Sunday, 15 June 2014

The signs of true discipleship

What does Jesus demand of his followers in order for them to be recognised as true disciples? A brief look at the Sermon on the Mount can help us find out.

First, a true disciple will have the character defined in the Beatitudes. The list of features includes humility, sorrow for sin and its effects, gentleness, purity of heart, love of mercy, and a desire for peace. If we have these aspects in our character, we are true disciples.

Second, a true disciple will take seriously the matter of his indwelling sin. In a series of references to the ten commandments, Jesus takes his listeners through several situations in which he stressed the necessity of inner conformity to the law of God. He said that it was not enough to refrain from actual murder – instead he stated that hateful thoughts and spiteful words would kill the person’s own soul. He said that it was not enough to refrain from physical immorality – instead he stated that lustful thoughts were as dangerous as physical sin. He said that the command to love one’s neighbour extended far beyond one’s acquaintances – instead the concept of neighbour included loving one’s enemies and doing them good. He even said that to engage in acts of revenge (an eye for an eye) was a sign that the person was on the road to a collapse. But the point he was making is that all these wrong attitudes and actions arise from a failure to deal with indwelling sin. Jesus also stated that dealing with such sins would be difficult and painful; he likened it to cutting off a limb or removing  an eye. Yet it is better to have limited pain than a wholesale collapse. 

Third, a true disciple will engage in regular spiritual activities and Jesus mentions three in particular: giving to the poor, prayer and self-denial (fasting). The first is a practical evidence of concern for those in need and it is such a basic evidence of true Christianity that it is stressed throughout the Bible. A person that does not have compassion on the needy is not a true disciple of Jesus Christ. Of course, it is hard to imagine why a person who never gives to the physical needy should expect to receive anything from God to meet his spiritual needs. 

Prayer is also performed in obedience to Jesus Christ and it is clear from his teaching on it that he regarded prayer in general to be a straightforward activity of a disciple. Prayer for Jesus was the drawing near of children to the heavenly Father, an activity of delight and expectation.  He taught his disciples to speak to the Father about the beauty of his perfections, about the progress of his kingdom, and the provision of their own needs.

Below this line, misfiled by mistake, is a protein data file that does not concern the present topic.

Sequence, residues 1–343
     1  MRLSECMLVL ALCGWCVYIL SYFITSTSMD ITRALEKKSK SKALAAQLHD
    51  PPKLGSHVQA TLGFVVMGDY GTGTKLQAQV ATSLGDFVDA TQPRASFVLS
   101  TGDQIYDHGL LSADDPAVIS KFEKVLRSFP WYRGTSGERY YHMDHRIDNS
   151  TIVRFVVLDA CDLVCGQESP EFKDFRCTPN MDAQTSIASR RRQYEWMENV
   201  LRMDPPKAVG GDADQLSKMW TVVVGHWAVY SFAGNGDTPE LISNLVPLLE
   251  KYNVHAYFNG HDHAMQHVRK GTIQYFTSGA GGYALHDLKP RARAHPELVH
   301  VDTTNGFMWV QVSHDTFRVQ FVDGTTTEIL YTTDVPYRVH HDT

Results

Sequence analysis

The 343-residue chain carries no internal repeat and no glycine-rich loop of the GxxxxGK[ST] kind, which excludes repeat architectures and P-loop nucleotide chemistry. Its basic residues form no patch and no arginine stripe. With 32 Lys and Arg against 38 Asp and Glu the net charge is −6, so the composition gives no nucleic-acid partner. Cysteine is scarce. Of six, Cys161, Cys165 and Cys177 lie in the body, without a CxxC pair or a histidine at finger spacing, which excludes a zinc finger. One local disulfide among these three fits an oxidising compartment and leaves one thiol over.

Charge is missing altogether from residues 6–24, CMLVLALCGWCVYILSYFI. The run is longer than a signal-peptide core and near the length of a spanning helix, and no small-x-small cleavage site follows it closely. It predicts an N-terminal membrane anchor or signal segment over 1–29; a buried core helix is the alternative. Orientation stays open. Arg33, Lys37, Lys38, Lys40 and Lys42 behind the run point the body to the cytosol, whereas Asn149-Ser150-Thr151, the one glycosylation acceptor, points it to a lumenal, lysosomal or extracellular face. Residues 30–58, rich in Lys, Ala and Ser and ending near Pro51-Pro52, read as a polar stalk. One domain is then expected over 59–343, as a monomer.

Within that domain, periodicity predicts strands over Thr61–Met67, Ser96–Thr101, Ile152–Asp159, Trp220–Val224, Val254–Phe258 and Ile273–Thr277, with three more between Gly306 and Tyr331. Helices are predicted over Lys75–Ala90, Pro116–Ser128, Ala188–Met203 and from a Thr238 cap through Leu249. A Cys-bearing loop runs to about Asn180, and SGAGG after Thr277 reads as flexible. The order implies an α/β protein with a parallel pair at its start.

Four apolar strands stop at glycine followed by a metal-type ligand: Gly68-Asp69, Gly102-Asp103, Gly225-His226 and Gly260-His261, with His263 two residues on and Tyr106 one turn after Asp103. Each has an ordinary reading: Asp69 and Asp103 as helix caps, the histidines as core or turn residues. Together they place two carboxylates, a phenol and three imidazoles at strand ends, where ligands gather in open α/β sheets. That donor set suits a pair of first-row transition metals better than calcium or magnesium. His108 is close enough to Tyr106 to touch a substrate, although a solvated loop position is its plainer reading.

I am not sure if fasting alone is recommended by the reference to it or whether it is as an example of doing without activities that give pleasure in order to pursue more important goals. Fasting was not to be continuous, otherwise the person engaged in it would not be here for long. I suspect that Jesus may be using it as an example of assessing our priorities, of testing our willingness to make personal sacrifices in order to obtain for ourselves and for others greater spiritual blessings. Fasting without prayer is of no value in a spiritual sense, and similarly sacrifices of time and possessions are of no value unless accompanied by prayer and seeking for God. 

Fourth, a true disciple will live primarily for heaven and secondarily for earth. Jesus highlights this distinction by referring to how his disciples react to possessions. He does not mean that his followers should not have any, but he does stress that material things should not distract them away from their priorities. Instead he points out that possessions, as with everything else in life, are under the providential control of God and the understanding of this great reality will enable his followers to have the proper attitude of trust in God regarding these matters.  Their priority in life should be living for heaven day by day. This attitude will give to each true disciple an eternal perspective on all the things of time. 

This brief survey of the Sermon on the Mount enables us to identify four basic principles of true discipleship. So how should we respond to this searching requirement of Jesus? First, his words demand that we become realistic regarding the spiritual life. We are called to a life of spiritual discipleship. It is not enough to have an external list of practices that will satisfy onlookers; our souls are under the eye of the One who can penetrate to the depths of our hearts. 

Second, we must repent of our failings. The fact of the matter is that no disciple is perfect. We can see this is the case from the original disciples that Jesus had, including the twelve apostles. A very important distinguishing mark between the true and the false among them was the issue of repentance. The obvious example of a contrast is Peter and Judas – Peter repented and continued as a disciple; Judas did not and his life ended in calamity. Repentance should not be a reluctant activity of a true disciple. On the contrary, he should enter God’s presence to confess sin with an expectant heart, one that is sorry for sinful failures but which also anticipates receiving divine forgiveness. Therefore, repentance should be a habitual attitude of a true disciple. 

Third, we must continually resolve to walk in the path of inner obedience. This should be our aim each day. And we can have this resolve because we know that the Holy Spirit will continue to enable his people to move on the life of holiness, desiring to be more and more obedient to the Saviour’s words.  

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